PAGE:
The 19-hour Uhuru-Raila meeting that brokered the handshake deal
President Uhuru Kenyatta and Opposition leader Raila Odinga have for the first time revealed previously unknown details on how they arrived at the March 9, 2018 handshake deal that caught the nation by surprise.
Speaking on Wednesday during the launch of the Building Bridges Initiative (BBI) taskforce report at the Bomas of Kenya, Mr. Odinga said they held talks for 19 hours as they deliberated on how to put an end to the tension and anxiety that had gripped the nation at the time.
Mr. Odinga says “it was not easy” while President Kenyatta describes it as a highly tense moment coming face-to-face with a man with whom he had traded all manner of insults in the run up to the disputed 2017 elections.
“It took 19 hours and it was not easy, as the president will explain to you later because we had called each other names,” said Odinga.
The Head of State disclosed that the meeting began with only him and Mr. Odinga behind closed doors and it was not until after an hour characterised by a tense moment of silence that the real conversation began.
“When we met with Mr. Odinga we took tea for almost 45 minutes without having any discussion. All we could ask each other is how is home… how is your wife… how are the kids? There was nothing else we could talk about because of the anger from the insults we had been hurling at each other,” revealed President Kenyatta.
“We were just the two of us in a room… we almost spent the night there. But after one hour that’s when we began talking.”
Before dropping their guards and agreeing to meet and talk, Mr. Odinga admits that together with the President they were under pressure from their respective supporters to make decisions that they were highly advised against.
“Our people said now that you’ve been sworn in as the People’s President, let us remove all portraits of the president from all public buildings in our strongholds and heap them somewhere and torch them and declare ourselves sovereign and begin to collect taxes and do our things. I looked at that and I said that is taking Kenya to Somalia,” said Odinga.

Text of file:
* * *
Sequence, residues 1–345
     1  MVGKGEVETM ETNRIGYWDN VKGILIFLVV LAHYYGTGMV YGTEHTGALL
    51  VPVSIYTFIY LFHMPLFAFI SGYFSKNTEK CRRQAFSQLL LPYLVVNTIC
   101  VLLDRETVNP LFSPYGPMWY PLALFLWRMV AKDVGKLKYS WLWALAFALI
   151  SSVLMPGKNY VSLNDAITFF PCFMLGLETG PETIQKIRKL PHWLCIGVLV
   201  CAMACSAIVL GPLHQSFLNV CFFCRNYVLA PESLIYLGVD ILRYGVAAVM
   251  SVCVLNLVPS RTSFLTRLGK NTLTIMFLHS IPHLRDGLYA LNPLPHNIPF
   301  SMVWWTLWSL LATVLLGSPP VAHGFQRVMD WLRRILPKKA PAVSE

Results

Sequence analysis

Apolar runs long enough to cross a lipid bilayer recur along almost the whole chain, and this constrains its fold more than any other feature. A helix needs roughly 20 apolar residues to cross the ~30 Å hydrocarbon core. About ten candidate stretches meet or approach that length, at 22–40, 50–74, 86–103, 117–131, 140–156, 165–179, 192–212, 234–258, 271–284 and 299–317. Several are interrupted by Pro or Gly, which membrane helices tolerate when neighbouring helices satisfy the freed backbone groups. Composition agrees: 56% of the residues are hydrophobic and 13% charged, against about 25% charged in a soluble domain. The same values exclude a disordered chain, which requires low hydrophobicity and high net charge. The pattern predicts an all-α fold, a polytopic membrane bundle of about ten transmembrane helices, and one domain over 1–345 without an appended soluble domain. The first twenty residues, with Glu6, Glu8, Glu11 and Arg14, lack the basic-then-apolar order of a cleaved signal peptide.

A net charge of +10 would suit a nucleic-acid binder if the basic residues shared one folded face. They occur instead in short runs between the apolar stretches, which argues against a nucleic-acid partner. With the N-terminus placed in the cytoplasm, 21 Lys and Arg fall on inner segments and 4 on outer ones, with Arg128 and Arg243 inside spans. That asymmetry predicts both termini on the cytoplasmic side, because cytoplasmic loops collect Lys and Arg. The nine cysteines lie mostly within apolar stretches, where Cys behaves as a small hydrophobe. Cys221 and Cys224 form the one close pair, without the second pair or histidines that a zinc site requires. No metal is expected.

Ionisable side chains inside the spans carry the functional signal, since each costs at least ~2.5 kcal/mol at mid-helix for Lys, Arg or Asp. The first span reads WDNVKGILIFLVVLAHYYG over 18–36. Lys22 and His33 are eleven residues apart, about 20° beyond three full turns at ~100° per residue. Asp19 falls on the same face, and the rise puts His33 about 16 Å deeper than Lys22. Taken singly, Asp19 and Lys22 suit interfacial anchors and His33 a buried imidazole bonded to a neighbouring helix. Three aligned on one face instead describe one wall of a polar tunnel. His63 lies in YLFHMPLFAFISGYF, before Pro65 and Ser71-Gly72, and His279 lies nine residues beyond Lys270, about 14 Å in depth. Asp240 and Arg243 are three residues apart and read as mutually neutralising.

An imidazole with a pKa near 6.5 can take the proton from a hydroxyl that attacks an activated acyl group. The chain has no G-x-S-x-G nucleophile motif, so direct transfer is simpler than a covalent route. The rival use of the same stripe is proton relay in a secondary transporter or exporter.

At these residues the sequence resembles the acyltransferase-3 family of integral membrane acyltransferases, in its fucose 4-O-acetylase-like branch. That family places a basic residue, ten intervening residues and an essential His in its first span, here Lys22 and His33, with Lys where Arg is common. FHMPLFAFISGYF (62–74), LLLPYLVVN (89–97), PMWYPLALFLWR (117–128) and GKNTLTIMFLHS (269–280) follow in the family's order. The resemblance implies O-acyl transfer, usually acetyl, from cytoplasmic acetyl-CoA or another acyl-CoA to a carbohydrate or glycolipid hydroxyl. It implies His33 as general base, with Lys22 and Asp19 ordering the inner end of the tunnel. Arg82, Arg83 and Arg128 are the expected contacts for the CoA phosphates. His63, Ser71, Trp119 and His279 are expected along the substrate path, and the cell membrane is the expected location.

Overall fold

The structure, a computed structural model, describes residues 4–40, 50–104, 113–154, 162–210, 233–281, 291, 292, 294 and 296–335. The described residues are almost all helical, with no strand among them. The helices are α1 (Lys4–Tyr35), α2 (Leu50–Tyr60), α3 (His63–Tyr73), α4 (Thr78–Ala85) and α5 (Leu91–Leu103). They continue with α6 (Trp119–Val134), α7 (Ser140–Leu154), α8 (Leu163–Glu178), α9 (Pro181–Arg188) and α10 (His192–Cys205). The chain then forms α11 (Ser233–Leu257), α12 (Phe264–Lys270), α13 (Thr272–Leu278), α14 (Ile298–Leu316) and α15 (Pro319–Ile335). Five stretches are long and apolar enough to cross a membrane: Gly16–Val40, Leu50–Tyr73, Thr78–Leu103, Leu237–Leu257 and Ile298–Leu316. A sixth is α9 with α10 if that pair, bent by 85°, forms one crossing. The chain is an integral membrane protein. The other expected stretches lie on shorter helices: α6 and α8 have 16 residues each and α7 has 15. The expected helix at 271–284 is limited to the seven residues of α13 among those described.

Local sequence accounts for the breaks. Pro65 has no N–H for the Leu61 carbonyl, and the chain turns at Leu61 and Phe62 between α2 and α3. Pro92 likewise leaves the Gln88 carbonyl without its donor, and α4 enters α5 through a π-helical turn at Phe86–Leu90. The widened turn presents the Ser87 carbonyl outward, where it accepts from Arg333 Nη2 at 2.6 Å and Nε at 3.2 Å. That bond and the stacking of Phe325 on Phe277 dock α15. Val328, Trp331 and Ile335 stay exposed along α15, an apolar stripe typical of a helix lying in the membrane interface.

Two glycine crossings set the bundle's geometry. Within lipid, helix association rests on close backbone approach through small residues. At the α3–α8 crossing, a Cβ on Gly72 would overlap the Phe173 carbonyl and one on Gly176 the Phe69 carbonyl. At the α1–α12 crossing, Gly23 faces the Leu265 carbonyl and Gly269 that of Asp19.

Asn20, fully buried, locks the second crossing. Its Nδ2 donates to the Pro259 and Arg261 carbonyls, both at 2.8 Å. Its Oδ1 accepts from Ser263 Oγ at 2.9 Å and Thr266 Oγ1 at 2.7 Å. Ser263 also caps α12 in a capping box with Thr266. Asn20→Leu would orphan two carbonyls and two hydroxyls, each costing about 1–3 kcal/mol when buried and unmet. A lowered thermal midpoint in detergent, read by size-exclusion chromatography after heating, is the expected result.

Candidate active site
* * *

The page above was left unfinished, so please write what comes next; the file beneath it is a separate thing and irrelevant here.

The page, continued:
“On the other hand, the President’s people told him if somebody else is sworn that is treason. Arrest him prosecute him and hang them. So arrest Raila now. And the president also had an issue with that.”
He added: “It is under those circumstances that counsels of good will prevailed and we ended up having a conversation with the president.”
At the meeting, President Kenyatta says they spoke on how to end the wave of violence and political tension that had engulfed the country at the time and also how to prevent a similar scenario from re-occurring.
After the hours long deliberations, the two leaders resolved to call for a ceasefire and they invited lawyers who compiled what they had agreed upon before finally making their unity deal public.
“Eventually after all that long deliberation we agreed we have something we can put together. We invited lawyers to come and put our views together. We told them exactly what we thought was wrong with our society and what needed to be corrected and we gave them the responsibility of putting it together,” said Odinga.
After the handshake on the steps of Harambee House, the political tension that had left the nation at the brink of anarchy was wiped away.
Kenyatta and Odinga then formed the Building Bridges Initiative taskforce that for over one year collected views on healing the nation, curing divisive politics and fostering cohesion in the country.
The taskforce has since concluded its task and its report, which recommends a change in the governance system among other proposals,was launched on Wednesday at a colourful ceremony in Nairobi.
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